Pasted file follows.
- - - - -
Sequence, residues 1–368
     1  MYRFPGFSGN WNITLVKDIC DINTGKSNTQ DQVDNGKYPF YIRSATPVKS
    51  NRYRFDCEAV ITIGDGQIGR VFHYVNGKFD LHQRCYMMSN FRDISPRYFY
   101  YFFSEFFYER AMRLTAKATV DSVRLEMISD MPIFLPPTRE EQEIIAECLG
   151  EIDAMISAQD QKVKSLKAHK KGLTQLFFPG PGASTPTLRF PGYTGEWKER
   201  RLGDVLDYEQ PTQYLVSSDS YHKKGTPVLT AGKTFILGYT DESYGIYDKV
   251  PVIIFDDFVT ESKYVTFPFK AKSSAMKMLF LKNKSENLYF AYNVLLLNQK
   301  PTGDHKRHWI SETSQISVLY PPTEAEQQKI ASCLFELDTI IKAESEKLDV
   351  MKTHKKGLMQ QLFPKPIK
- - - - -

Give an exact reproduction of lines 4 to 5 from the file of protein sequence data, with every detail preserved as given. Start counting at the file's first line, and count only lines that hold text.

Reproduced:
   101  YFFSEFFYER AMRLTAKATV DSVRLEMISD MPIFLPPTRE EQEIIAECLG
   151  EIDAMISAQD QKVKSLKAHK KGLTQLFFPG PGASTPTLRF PGYTGEWKER